Carol Glazer joined the National Organization on Disability (NOD) in July 2006 as the Executive Director of its National EmployAbility Partnership. She became NOD’s President in October, 2008. Under Carol’s leadership, NOD has developed important new relationships with the US Army, leading employers, national and local foundations, allied disability organizations and scores of new corporate donors to NOD’s programs. She put in place NOD’s signature employment demonstrations, Wounded Warrior Careers and Bridges to Business and now oversees NOD’s professional services to companies to help them become more disability inclusive.

Carol is a speaker and subject matter expert on issues regarding the employment of people with disabilities and has addressed audiences at national conferences, corporate forums and higher education institutions, among others.

Carol holds a Master’s Degree in Public Policy from Harvard’s John F. Kennedy School of Government and in 2012, was awarded an honorary Doctorate of Humane Letters by Allegheny College for her work on behalf of individuals with disabilities. She has two children, one of whom was born with hydrocephalus and has physical and intellectual disabilities.

Read the blog on Working Mother

Disability Business Roundtable | NOD’s Chairman and Corporate Partners Featured in USDOL Blog

Blog by Patricia A. Shiu, the director of the U.S. Department of Labor’s Office of Federal Contract Compliance Programs.

Inclusive, diverse workplaces are good for business. But how can businesses find qualified workers of diverse backgrounds and abilities? How does creating a culture of inclusion affect this and other diversity issues in the modern workplace?  How can government and business work together to achieve common goals of equal employment opportunity, increased productivity and success?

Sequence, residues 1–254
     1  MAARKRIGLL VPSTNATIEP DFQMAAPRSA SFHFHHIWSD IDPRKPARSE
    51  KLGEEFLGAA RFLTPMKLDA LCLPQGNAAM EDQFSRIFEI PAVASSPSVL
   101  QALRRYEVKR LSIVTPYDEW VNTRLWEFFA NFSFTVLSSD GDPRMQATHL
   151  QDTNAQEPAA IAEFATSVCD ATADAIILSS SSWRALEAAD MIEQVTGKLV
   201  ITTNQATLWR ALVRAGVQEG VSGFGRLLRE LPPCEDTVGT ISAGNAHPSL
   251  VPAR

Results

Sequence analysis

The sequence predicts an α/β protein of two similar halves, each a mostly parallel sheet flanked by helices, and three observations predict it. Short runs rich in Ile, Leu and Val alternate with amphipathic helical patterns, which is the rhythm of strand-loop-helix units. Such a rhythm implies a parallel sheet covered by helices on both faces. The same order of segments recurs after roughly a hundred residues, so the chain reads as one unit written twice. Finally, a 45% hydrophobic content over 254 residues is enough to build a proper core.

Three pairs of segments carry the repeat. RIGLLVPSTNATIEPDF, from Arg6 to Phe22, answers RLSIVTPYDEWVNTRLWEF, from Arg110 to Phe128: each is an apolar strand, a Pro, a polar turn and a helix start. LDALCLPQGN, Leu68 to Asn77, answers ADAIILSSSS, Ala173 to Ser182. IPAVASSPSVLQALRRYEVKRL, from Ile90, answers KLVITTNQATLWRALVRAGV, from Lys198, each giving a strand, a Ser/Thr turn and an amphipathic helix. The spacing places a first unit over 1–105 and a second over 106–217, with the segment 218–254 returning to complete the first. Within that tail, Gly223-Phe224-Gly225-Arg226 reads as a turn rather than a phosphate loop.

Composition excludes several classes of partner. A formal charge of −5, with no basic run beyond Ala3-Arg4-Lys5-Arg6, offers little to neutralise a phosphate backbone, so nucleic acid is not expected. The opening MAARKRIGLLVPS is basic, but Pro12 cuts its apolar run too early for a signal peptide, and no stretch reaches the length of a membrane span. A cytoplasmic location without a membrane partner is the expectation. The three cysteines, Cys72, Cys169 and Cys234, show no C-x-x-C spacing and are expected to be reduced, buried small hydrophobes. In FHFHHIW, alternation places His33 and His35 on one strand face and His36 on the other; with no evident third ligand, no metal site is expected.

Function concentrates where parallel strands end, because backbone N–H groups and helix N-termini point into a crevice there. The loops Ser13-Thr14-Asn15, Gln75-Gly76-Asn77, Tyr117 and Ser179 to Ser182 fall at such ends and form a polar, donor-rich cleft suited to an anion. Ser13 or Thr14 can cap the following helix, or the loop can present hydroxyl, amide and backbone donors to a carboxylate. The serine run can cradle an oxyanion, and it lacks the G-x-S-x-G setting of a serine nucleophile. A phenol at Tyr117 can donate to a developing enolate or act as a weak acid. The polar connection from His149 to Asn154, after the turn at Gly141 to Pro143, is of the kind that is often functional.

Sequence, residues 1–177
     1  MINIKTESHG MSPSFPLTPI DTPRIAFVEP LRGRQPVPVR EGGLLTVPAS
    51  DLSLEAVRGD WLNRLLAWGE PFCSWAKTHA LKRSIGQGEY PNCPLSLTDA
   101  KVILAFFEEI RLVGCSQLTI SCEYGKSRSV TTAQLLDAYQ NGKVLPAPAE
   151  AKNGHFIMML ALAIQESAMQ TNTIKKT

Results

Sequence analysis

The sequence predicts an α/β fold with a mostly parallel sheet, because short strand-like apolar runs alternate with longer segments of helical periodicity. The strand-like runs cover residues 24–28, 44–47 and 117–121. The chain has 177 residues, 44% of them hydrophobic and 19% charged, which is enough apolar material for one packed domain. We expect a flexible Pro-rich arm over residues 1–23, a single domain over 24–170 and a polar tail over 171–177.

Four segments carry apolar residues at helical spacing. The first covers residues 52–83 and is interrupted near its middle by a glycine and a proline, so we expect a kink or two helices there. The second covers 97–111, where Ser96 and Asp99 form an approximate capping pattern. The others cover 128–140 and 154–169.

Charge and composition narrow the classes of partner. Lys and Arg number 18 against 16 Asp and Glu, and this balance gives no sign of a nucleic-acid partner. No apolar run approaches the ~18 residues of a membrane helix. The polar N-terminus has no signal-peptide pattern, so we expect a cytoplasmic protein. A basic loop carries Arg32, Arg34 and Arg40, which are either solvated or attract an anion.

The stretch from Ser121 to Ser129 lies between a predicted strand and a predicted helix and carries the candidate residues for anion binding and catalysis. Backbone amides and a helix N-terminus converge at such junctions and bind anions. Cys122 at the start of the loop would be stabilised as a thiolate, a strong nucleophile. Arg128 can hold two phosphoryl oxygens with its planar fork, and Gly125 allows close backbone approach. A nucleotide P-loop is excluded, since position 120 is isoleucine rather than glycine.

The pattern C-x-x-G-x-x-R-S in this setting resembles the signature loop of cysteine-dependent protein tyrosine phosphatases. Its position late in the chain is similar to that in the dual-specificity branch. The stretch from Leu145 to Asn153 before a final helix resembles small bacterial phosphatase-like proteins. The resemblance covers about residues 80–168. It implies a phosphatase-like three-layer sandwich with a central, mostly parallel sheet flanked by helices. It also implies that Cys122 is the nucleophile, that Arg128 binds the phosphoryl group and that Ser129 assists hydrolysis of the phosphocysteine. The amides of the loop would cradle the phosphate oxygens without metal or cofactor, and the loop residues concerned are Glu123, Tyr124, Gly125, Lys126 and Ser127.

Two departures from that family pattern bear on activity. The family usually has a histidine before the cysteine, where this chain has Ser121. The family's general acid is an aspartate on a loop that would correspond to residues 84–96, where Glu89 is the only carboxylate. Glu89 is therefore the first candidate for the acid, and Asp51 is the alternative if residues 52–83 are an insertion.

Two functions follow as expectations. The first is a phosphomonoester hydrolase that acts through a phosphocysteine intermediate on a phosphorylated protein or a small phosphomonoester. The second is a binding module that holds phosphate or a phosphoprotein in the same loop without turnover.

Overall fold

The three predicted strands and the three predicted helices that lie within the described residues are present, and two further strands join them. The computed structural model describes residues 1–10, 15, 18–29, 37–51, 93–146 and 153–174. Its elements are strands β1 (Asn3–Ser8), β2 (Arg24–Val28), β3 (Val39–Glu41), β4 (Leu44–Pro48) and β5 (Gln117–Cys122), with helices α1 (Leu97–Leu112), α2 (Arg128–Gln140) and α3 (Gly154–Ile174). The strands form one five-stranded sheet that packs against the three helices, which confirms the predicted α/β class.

These were some of the issues the Office of Federal Contract Compliance Programs raised when it hosted a disability business roundtable this October, “Best Practices and Strategies for Success.” The first of its kind for OFCCP, the event attracted 60 individuals from the federal contractor community, such as Northrop Grumman, 3M, CVS, Sprint, Raytheon and Sodexo, as well as representatives from colleges, universities and disability organizations. As contractors heard and learned from others in the business community, the discussions were open and frank.

OFCCP strengthened its regulations implementing Section 503 of the Rehabilitation Act of 1973 in September 2013, by, among other things, creating a 7 percent aspirational goal for contractors, and focusing on data collection and data-based decision making. Since that time OFCCP has engaged in a continuing dialogue with contractors. We have listened and learned about the challenges they face in meeting that aspirational goal.

First, contractors state that they experience difficulty finding individuals with disabilities who have the skills and training necessary to fill existing job vacancies. Second, contractors have reported that they find that individuals with disabilities seldom self-identify unless reasonable accommodation is needed. Despite this, many contractors and other employers shared innovative and time-tested approaches that they have used to address these important issues.

The roundtable provided a forum for businesses to share best practices, effective strategies, experiences and lessons learned. It tapped into the knowledge and experience of corporate leaders who have demonstrated a commitment to opening the doors of opportunity and fostering a welcoming workplace.

The half-day event featured two panels of corporate leaders from different sectors, who shared their companies’ successes and promising approaches for fostering voluntary self-identification, and for increasing the hiring and retention of individuals with disabilities.